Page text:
In reality, while I was excited about the news as we were planning kids immediately post Beijing, it also played heavily on mind and in hindsight was a real distraction for me. Being part of a team is the best and the worst – although we share so much as a group and with the special bonds you form within the team, I didn’t want to burden people with this news as they were preparing for the event of their life, but nor could I keep it to myself completely.
So I told 3 of my best friends in the team but no one else and on reflection I think it was unfair for me to burden that secret on them at that time. I didn’t even tell management or coaches, which now I know I should’ve. I did tell my Mum & Aunty of course.
As the Games drew nearer, I was making different decisions based on my new physiological state. I pretended to be too tired to attend the Opening Ceremony. During the Games, I spent more time in my room recovering and looking after my body, rather than attending other events or walking around the Village. Athletes will often talk about having cabin fever in the village – I intensified this feeling for myself. I told my room mate I had a cold (in Beijing, really??) to get out of the post games celebrations.
Part of my preparation had always been to keep my mindset in a happy/medium state of relaxation. I’m not the athlete with head phones on and a grim look on my face, I’m the athlete playing hacky sack or hockey squash before a game. I need to feel relaxed so my nerves can’t overwhelm me.
So changing my focus to a serious one and limiting my activity (unnecessarily) really affected my mindset, my experience and I believe my performance. I got through the tournament physically fine, but mentally it had taken its toll and I was ready for home.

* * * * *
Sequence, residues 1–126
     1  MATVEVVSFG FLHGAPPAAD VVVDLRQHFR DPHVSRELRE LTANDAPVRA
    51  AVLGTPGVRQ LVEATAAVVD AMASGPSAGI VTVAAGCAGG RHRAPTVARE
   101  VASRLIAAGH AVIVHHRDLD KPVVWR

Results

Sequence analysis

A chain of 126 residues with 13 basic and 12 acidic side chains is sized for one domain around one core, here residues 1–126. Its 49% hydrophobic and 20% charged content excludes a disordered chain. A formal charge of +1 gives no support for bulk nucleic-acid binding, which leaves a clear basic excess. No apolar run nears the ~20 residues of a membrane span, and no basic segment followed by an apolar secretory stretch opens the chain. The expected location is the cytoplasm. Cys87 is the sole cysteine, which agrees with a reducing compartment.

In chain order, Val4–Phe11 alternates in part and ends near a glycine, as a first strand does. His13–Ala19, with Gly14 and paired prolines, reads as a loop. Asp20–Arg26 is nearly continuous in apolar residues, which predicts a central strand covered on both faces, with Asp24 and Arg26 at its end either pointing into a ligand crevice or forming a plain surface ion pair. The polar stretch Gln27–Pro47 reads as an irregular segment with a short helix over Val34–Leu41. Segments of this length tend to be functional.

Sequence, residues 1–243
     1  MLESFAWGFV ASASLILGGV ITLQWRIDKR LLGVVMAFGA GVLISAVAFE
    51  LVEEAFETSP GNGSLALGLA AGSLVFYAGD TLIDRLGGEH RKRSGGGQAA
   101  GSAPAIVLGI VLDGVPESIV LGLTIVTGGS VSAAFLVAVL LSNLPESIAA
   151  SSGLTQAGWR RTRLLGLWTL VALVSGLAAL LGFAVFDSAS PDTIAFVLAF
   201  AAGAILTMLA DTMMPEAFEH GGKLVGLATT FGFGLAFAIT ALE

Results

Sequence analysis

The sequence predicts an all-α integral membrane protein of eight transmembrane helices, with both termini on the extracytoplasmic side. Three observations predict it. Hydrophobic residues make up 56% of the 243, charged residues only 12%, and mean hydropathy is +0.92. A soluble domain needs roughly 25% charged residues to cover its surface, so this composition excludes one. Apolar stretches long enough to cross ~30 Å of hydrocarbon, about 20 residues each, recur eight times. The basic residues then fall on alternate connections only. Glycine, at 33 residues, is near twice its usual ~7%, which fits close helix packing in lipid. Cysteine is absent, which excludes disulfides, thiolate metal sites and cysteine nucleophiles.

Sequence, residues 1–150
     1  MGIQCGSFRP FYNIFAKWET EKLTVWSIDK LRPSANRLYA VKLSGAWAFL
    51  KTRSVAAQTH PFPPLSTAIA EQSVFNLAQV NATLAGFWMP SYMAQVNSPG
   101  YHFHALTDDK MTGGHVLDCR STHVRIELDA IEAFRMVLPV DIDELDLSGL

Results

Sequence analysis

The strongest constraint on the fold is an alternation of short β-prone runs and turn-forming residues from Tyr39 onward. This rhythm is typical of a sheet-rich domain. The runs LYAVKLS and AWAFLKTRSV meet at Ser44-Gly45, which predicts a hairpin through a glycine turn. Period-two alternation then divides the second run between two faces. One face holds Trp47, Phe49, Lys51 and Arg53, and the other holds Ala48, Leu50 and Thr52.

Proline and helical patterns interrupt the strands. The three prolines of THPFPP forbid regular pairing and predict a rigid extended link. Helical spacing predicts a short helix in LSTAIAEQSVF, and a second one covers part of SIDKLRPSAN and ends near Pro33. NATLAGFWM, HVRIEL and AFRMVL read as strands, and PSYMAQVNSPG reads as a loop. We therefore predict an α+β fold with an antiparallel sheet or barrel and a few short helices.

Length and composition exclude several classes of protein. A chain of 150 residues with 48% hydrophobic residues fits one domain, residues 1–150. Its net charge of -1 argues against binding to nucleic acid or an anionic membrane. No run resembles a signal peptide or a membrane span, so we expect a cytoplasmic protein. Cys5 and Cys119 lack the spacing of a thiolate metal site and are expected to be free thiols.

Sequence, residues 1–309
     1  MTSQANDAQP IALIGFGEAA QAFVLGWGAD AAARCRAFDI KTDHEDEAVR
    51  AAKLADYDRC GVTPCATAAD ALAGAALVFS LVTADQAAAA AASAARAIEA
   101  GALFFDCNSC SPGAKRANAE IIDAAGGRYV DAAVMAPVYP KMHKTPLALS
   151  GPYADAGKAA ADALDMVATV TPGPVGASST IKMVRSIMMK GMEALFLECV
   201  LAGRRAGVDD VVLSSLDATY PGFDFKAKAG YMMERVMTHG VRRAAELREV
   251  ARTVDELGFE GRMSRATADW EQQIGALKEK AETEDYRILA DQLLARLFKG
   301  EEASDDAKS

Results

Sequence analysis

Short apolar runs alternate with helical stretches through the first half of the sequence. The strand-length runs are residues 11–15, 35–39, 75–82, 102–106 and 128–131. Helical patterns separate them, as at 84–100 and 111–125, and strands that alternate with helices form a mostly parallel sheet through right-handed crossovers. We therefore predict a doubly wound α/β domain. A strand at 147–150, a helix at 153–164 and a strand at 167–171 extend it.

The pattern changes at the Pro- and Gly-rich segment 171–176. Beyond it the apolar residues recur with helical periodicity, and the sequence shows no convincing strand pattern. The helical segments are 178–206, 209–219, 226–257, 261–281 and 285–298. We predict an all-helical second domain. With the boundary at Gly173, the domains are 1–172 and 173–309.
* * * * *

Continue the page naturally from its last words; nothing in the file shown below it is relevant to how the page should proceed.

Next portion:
By the time we left Beijing and I got off the plane in NZ I remember seeing my Husband and bursting into tear.
This was not how I had envisioned ending my international hockey career.
Pregnancy in normal circumstances can be challenging with turbulent emotions, physiological changes and the reality of what is happening. But is was amplified for me by the pressure environment I was in and the cloak of secrecy I surrounded my pregnancy with. In Serena Williams situation, she faced all of this as well as the task of facing off with her sister in the Open Final with the Grand Slams record on the line as well. To add all of this to the pressure that she would normally be under proves that pregnancy doesn’t make us weak or feeble, we don’t need to be wrapped in cotton wool.
So, I have huge respect to Williams and any other woman who is managing life and all its pressures, whatever the situation, while growing new life! Our bodies are truly amazing and we need to spend more time relying on our intuition to guide us and less time worrying about other peoples reactions or opinions or images that are unattainable and unrealistic.
Strength & Fabulousness is what we women have in absolute abundance.
Love, Jaimee Sarah oxo
NB I am commenting from my own experience of pregnancy.